Could cannabis cure common colds?

As the cold weather of winter hits regions across the globe, the dreaded cold and flu season also sets in.

The days of red noses, sniffles and sneezes are upon us and while sufferers tend to flock to the supermarket for temporary cures, cannabis has emerged as a dark horse in the race to battle the dreaded cold illness

Extensive research and tests have been conducted on whether cannabis can cure the cold or flu virus, and although many of those have come back as inconclusive, there is mounting evidence that suggests that cannabis can help the symptoms of a common cold.

The common cold is the result of a viral infection of the upper respiratory tract (nose and throat) from one of many different types of viruses entering the body, with the majority of the time being from the rhinovirus, however there are around 200 different strains of the virus.

After being easily spread by hand-to-hand contact or sharing contaminated objects and touching the eyes, nose or mouth, the virus enters the body and attacks the mucous membranes in the mouth, nose and throat. It then spreads down to the lungs, where the body responds by trying to fight the virus by creating inflammation and over-producing mucus to attempt to expel the bad bacteria from the body. This causes the associated symptoms of a cold such as sore throats, runny or blocked nose with coughing and sneezing.

A 2017 scientific journal found that weed smoke has anti-inflammatory properties which can relieve symptoms of a sore throat, swollen nasal passageways and fever. If the individual is otherwise healthy but suffering from cold and flu symptoms, cannabis use was found to decrease the production of certain inflammatory cytokines in human subjects, and similar findings have been presented in the same study in animal and cell-based subjects.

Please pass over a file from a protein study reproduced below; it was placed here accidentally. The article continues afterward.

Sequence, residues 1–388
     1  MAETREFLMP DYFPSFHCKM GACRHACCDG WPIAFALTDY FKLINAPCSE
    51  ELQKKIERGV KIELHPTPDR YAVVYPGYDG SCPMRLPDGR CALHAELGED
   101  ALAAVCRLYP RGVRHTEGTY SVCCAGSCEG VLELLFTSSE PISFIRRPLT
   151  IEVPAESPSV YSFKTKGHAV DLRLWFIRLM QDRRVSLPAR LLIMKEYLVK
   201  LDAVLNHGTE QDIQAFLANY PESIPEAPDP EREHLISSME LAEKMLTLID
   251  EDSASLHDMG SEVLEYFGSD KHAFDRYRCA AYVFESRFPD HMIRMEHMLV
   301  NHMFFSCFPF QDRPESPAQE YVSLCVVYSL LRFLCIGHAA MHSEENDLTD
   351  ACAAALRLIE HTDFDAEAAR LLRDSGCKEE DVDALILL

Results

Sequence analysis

Effective

The same review also found that weed was effective in treating chronic pain, which although is very different to acute aches caused by the common cold, the relief received from the medicinal properties helps relieve pain relating to both short-term symptoms associated with colds as well as long-term chronic pain.

Cannabis has been used for centuries to treat minor illnesses, with it being touted more recently as useful for serious illnesses. Due to its anti-inflammatory properties it could well act faster and more efficiently than regular over-the-counter medicines, it also aids sleep and appetite which are often affected when someone catches a cold.

Another 2017 medical report on the link between cannabis and sleep found that tetrahydrocannabinol (THC) used short term can help sleep, however if someone is a long term user of cannabis, they may have a build-up of tolerance to the sleep-inducing components of THC therefore hindering the ability to enjoy a better night’s sleep.

Another component of cannabis – CBD – demonstrated a different effect in the tests and indicated at medium to high doses that it induced sedative effects and thus is beneficial for a variety of sleep disorders including insomnia, and can lead to not only improved sleep, but allowing the user to sleep for a longer time period, which can be extremely beneficial when someone is feeling unwell as the body restores its vitality much quicker when asleep.